Milk is produced by female mammals to feed their young. That most commonly consumed by humans comes from cows, though goat's and other milks are also consumed.
Tips from the BBC "Milk scorches easily if heated to a high temperature. To reduce the likelihood of scorching, wet the bottom of the milk pan first. The water will help stop adhesion and minimise scalding. Milk forms a 'skin' when heated which, annoyingly, is impossible to stir back in once it's formed. To help prevent a skin forming, heat milk at the last possible moment, or whisk the surface to a light foam when heating."
These days all the milk we consume is processed in at least one way and often rather more.
Pasturisation In Australia all Milk must be "pasteurised by heating to a temperature of no less than 72?C and retaining at such temperature for no less than 15 seconds and immediately shock cooling to a temperature of 4.5?C" or an equivalent process. This kills unwanted bacteria. It also changes the nature of the milk. This is becoming a contentious issue particularly with the milk used for the manufacture of cheese.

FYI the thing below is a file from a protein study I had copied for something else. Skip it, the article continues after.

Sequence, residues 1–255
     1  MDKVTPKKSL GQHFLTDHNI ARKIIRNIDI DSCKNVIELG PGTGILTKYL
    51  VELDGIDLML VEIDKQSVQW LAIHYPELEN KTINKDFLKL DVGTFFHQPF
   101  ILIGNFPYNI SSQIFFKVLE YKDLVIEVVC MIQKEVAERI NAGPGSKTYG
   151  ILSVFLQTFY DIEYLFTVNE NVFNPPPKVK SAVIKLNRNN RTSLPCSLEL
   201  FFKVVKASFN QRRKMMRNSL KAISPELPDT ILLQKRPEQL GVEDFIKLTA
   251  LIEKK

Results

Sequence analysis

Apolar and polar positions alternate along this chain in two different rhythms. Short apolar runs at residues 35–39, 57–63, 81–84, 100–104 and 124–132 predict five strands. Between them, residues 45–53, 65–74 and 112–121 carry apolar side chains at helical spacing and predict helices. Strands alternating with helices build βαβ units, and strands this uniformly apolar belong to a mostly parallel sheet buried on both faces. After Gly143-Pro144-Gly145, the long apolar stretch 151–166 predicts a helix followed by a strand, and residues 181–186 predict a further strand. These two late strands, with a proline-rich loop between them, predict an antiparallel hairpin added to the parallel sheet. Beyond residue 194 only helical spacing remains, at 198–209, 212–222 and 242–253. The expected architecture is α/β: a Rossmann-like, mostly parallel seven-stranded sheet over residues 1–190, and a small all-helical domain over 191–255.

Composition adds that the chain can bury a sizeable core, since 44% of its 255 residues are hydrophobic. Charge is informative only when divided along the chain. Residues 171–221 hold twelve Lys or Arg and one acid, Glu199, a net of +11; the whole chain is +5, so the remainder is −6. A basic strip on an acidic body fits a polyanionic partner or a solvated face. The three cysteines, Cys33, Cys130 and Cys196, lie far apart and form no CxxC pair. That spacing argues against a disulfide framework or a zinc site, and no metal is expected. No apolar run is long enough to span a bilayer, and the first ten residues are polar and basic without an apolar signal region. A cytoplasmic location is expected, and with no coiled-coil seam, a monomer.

Homogenised milk Milk's fat molecules are broken down is size so that they stay in suspension and don't separate out and settle on top of the milk. Most milk is homogenised today. There are some health concerns with this process.
Reduced fat and high calcium milk Milk has a fat content of less than 4% but even that tiny amount has become too much for those who care more for la bella figura than flavour. The levels of fat and calcium are manipulated during processing.
Other milk products are cream, with varying degrees of butterfat, cheese of all types and powdered and condensed milk.